Critical Spares - Who Needs Them and When?
By: Stephen Rowbotham, Quest Integrity NZL Ltd.
The topic of critical spares for industrial plant is an important aspect in the successful operation of a plant. Minimising any delays in restarting following a forced outage due to component failure greatly benefits real-world availability. A review of the required critical spares can optimise the capital cost implications of carrying the required parts.
To most people facility stores contain consumable items, the nuts and bolts of everyday maintenance. However, lurking in the dark corners are critical or insurance spare parts: large, expensive crates that reside in the storage facility, never appearing to move and often requiring maintenance or replacement due to a fixed shelf life.
As a plant ages and personnel changes, the existence of critical spares can become a mystery, especially if systems and policies are not in place to monitor and maintain the parts.
To help clear up
the mystery let us answer what is a critical spare part? There are several
definitions but the one that covers most bases is the following: "A part that, if not
available when required, results in the loss of production, power generation or
endangers people’s lives or seriously damages the environment”. The latter two
points have always been important but have become more important following a series
of high profile failures. The operation
of any industrial facility requires various types of spares to be carried:
So once we define a critical part, the question will still be asked: why do we need to tie up capital in parts that we may never need if the prescribed maintenance schedule is followed? The cost of holding the required critical spares are not only the acquisition costs but the inventory holding costs (typically 20 to 40 % of the purchase price per year).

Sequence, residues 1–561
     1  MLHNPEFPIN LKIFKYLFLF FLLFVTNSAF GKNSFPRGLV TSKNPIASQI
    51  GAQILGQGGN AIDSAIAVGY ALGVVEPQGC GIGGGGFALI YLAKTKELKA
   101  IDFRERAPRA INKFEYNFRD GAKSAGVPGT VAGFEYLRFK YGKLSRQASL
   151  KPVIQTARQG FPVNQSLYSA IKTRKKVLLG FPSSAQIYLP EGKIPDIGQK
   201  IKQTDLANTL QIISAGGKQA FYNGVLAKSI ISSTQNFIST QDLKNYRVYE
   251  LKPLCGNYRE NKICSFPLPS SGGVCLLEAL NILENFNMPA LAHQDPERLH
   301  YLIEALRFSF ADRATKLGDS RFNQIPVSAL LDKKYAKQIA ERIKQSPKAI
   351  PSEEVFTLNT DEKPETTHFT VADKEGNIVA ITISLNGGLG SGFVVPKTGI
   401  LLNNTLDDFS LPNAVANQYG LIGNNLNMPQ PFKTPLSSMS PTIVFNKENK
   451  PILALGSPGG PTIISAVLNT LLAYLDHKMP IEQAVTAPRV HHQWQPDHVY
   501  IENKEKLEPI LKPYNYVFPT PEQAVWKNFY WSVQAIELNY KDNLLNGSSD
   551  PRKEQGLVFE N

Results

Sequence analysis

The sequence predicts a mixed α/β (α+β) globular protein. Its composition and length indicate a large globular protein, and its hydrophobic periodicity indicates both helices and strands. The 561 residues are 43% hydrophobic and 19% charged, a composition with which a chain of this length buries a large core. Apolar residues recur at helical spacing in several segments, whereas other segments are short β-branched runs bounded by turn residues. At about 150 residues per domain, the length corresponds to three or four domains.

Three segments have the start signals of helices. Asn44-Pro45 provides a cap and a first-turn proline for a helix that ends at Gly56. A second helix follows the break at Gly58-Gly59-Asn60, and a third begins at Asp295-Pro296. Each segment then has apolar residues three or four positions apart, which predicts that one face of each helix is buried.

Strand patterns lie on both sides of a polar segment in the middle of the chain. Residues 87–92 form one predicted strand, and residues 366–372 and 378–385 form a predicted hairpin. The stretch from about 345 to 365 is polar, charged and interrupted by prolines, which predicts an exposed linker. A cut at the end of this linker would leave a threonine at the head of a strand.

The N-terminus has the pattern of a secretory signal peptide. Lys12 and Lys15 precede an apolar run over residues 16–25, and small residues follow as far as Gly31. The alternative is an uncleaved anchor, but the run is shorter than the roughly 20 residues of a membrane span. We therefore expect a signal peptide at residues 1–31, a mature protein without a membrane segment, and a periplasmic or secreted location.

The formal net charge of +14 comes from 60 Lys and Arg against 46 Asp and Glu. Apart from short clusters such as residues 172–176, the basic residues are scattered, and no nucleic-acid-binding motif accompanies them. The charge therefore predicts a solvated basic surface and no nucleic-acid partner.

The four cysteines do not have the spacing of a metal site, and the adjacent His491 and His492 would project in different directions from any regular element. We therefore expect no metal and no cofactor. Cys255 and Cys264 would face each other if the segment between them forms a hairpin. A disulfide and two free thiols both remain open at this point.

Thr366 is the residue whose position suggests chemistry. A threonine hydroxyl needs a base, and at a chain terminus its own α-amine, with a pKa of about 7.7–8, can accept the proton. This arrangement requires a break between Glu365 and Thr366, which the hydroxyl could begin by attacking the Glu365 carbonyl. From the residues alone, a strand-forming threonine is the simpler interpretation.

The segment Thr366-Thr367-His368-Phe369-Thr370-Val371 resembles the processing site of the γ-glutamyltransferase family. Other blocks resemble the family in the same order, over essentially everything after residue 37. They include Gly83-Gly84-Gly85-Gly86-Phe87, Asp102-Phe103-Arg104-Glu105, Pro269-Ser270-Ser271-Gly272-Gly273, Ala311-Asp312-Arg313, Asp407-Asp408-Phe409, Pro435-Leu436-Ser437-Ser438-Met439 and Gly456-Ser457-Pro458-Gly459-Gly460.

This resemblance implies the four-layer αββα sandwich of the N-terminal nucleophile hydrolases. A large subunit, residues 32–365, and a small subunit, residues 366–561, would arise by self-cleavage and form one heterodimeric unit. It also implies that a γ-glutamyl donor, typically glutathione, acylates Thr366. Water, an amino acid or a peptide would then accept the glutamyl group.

The answer is not straight forward. Even with excellent maintenance regimes, failures will happen and can be predicted if you know or can estimate typical failure rates. Implementing a critical spares assessment will identify the likelihood and consequences of the occurrence in relation to the plant so that sound financial and engineering decisions can be made.
Figure 2 - Spares required over the life of plant
The critical spares assessment will be affected by the operational strategy for risk which is in turn affected by the contracts and penalties in force for loss of generation or production. Other factors include maintenance systems, skills within the organisation and dependency on external suppliers. The two extremes of risk strategy are conservative operations or run until it drops. Most operational strategies will fall somewhere in between.
financial or IT institutions were the risk to operation is so great that
duplication of the entire systems is justified. Most businesses or industries
however do not have this luxury. Assessments
must be made to determine the parts of a system that are critical to operation,
should a failure occur.
Figure 3 - Extremes of risk strategy